The Ministry of Information and Broadcasting (MIB) issued orders to block twenty-two YouTube-based news channels, three Twitter accounts, one Facebook account, and one news website under the emergency powers granted by the Information Technology (IT) Rules, 2021, the ministry said in a press release issued on April 5.
The blocked YouTube channels had a cumulative viewership of over 2.6 billion views (260 crores) and were used to spread fake news and coordinated disinformation on subjects sensitive from the perspective of national security, India’s foreign relations, and public order, MIB said.
This is the fourth instance of MIB invoking powers under IT Rules to block content and the first time that Indian accounts have been targetted. With this action, since December 2021, MIB has blocked 78 YouTube-based news channels and several other social media accounts.
“The Government of India remains committed towards ensuring an authentic, trustworthy, and safe online news media environment, and thwart any attempts at undermining India’s sovereignty and integrity, national security, foreign relations, and public order.” – MIB
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What content was shared by the blocked accounts?
Multiple YouTube channels were used to post fake news on various subjects such as the Indian Armed Forces, Jammu and Kashmir, and the ongoing situation in Ukraine, which was aimed at jeopardizing India’s foreign relations with other countries, the press release stated.
The blocked accounts also posted certain “anti-India content” posted in a coordinated manner from Pakistan, the release added.
What was the modus operandi of the blocked accounts?
- Imitating authentic news channels: MIB found that many of the blocked YouTube channels were using templates and logos of well-known TV news channels, including images of their news anchors, to mislead the viewers to believe that the news was authentic.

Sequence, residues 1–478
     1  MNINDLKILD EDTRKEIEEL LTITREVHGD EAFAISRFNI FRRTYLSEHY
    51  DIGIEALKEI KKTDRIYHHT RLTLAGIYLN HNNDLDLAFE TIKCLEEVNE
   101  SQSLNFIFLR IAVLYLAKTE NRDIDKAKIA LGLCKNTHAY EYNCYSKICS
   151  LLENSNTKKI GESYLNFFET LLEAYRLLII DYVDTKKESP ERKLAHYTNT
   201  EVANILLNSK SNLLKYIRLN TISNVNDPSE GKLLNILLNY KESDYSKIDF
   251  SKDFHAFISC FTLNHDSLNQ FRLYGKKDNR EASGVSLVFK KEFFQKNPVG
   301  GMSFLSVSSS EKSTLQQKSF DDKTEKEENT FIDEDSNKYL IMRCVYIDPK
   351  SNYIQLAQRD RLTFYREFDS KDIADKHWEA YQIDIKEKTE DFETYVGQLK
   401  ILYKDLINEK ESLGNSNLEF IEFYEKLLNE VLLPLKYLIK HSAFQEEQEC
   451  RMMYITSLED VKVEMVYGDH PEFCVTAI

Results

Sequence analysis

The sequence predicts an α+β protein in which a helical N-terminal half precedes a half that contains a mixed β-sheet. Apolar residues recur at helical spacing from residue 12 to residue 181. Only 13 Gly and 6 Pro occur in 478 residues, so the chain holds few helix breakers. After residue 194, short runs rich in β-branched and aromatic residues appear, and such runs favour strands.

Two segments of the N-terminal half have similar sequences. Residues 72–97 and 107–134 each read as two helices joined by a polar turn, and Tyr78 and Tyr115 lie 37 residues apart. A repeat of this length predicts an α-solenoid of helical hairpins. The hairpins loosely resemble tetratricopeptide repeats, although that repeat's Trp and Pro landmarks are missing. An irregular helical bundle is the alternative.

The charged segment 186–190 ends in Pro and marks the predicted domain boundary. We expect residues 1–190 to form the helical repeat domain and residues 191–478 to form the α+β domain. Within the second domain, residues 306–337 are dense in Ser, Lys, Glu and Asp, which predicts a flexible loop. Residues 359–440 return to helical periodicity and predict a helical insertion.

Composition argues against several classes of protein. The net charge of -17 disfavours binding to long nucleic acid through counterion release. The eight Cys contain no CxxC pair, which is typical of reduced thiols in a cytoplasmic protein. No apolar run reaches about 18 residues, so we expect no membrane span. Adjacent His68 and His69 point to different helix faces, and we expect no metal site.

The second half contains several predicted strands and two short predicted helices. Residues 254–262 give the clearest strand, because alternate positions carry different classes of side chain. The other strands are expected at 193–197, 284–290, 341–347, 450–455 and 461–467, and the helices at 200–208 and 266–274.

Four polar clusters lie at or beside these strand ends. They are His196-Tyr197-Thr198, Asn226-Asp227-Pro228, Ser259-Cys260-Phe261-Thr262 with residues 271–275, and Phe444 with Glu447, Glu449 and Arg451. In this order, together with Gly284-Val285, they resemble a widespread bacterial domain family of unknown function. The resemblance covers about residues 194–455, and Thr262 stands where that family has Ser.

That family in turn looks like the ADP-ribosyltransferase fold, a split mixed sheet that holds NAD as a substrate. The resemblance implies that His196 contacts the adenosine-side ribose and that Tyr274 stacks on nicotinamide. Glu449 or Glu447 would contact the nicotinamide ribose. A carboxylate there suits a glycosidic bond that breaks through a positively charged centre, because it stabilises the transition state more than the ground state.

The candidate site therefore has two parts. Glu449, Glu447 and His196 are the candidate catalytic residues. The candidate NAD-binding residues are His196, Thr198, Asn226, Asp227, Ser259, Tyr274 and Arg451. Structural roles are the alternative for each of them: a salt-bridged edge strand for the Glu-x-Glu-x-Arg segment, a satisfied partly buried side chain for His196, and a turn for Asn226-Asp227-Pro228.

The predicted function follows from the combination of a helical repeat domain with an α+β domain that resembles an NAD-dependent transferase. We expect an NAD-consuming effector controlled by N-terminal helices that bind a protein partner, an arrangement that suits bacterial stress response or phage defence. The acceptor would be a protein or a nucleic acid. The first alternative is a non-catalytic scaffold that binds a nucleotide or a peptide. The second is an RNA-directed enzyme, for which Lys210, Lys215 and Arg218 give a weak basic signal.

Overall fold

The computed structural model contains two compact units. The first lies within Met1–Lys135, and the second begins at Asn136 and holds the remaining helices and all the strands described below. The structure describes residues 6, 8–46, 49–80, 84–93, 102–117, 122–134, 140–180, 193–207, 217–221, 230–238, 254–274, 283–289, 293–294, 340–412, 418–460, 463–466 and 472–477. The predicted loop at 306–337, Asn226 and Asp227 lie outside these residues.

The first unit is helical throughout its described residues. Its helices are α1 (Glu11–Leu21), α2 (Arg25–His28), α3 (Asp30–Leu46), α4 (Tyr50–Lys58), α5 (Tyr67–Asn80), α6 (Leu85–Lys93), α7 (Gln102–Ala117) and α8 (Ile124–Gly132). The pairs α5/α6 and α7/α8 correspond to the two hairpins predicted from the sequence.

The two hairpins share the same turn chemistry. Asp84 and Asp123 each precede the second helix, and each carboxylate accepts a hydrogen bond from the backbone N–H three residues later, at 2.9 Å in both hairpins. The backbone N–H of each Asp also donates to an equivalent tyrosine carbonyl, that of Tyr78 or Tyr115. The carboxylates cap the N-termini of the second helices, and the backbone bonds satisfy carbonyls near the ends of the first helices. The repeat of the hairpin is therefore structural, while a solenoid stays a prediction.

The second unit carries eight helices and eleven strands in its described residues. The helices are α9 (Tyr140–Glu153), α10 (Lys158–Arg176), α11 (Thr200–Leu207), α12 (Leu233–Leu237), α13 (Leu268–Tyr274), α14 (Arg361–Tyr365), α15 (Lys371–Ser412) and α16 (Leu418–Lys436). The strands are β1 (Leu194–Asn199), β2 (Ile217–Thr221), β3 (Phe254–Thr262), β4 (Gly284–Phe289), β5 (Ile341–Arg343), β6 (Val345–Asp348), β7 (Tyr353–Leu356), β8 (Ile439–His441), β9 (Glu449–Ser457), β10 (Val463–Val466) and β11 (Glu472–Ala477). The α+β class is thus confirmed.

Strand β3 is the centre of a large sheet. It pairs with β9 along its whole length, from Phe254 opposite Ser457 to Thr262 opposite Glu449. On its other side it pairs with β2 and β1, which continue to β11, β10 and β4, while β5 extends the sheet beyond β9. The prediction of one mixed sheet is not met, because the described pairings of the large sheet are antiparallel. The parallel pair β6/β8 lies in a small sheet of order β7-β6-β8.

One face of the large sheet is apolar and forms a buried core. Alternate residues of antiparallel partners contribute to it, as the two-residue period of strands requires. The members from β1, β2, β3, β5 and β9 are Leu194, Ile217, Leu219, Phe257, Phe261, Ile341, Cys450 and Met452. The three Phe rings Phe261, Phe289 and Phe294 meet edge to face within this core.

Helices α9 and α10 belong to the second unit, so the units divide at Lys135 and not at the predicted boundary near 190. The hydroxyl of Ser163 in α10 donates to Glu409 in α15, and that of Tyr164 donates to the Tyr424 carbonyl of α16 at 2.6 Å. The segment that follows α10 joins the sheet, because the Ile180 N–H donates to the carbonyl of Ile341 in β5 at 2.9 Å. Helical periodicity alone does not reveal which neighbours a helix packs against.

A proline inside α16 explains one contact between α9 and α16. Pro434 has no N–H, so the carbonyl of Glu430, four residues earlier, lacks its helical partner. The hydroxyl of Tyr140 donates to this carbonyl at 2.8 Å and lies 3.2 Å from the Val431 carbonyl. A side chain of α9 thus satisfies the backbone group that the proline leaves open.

- Frequently altered content: MIB also found that these channels were using false titles and thumbnails, which were frequently altered to increase the virality of content on social media.
Which accounts have been blocked?
India-based YouTube channels
- ARP News
- AOP News
- LDC News
- SS ZONE Hindi
- Smart News
- Online Khabar
- DP news
- PKB News
- Borana News
- Sarkari News Update
- Bharat Mausam
- RJ ZONE 6
- Exam Report
- Digi Gurukul
Pakistan-based YouTube channels
- Ghulam NabiMadni
- HAQEEQAT TV
- HAQEEQAT TV 2.0
Other Pakistan-based content
- Ghulam NabiMadni
- Haqeeqat TV
- Dunya Mere Aagy
MIB wants platforms to be more proactive in combating fake news
In a meeting held on January 31, officials from the Ministry of Information and Broadcasting (MIB) strongly criticised Google, Twitter, and Facebook for not doing enough to remove fake news on their platforms, forcing the government to issue content takedown orders.
The government officials urged the platforms to do more on their own to combat misinformation because content takedown orders draw international criticism for suppressing free expression, damaging the public image of the government. When a Google official suggested that government can keep takedown requests confidential to avoid negative publicity, the government officials rejected the suggestion saying that such takedowns publicise how tech companies aren’t doing enough to tackle fake news on their own.
What happened in the previous instances?
- December 2021: MIB blocked 20 YouTube channels and two news websites saying that these channels and websites formed a “coordinated disinformation network operating from Pakistan” which was “spreading fake news about various sensitive subjects related to India.”
- January 2022: MIB blocked 35 YouTube news channels, two news websites, Twitter accounts, Instagram accounts and one Facebook account, all of which were allegedly part of a “coordinated disinformation campaign from Pakistan.”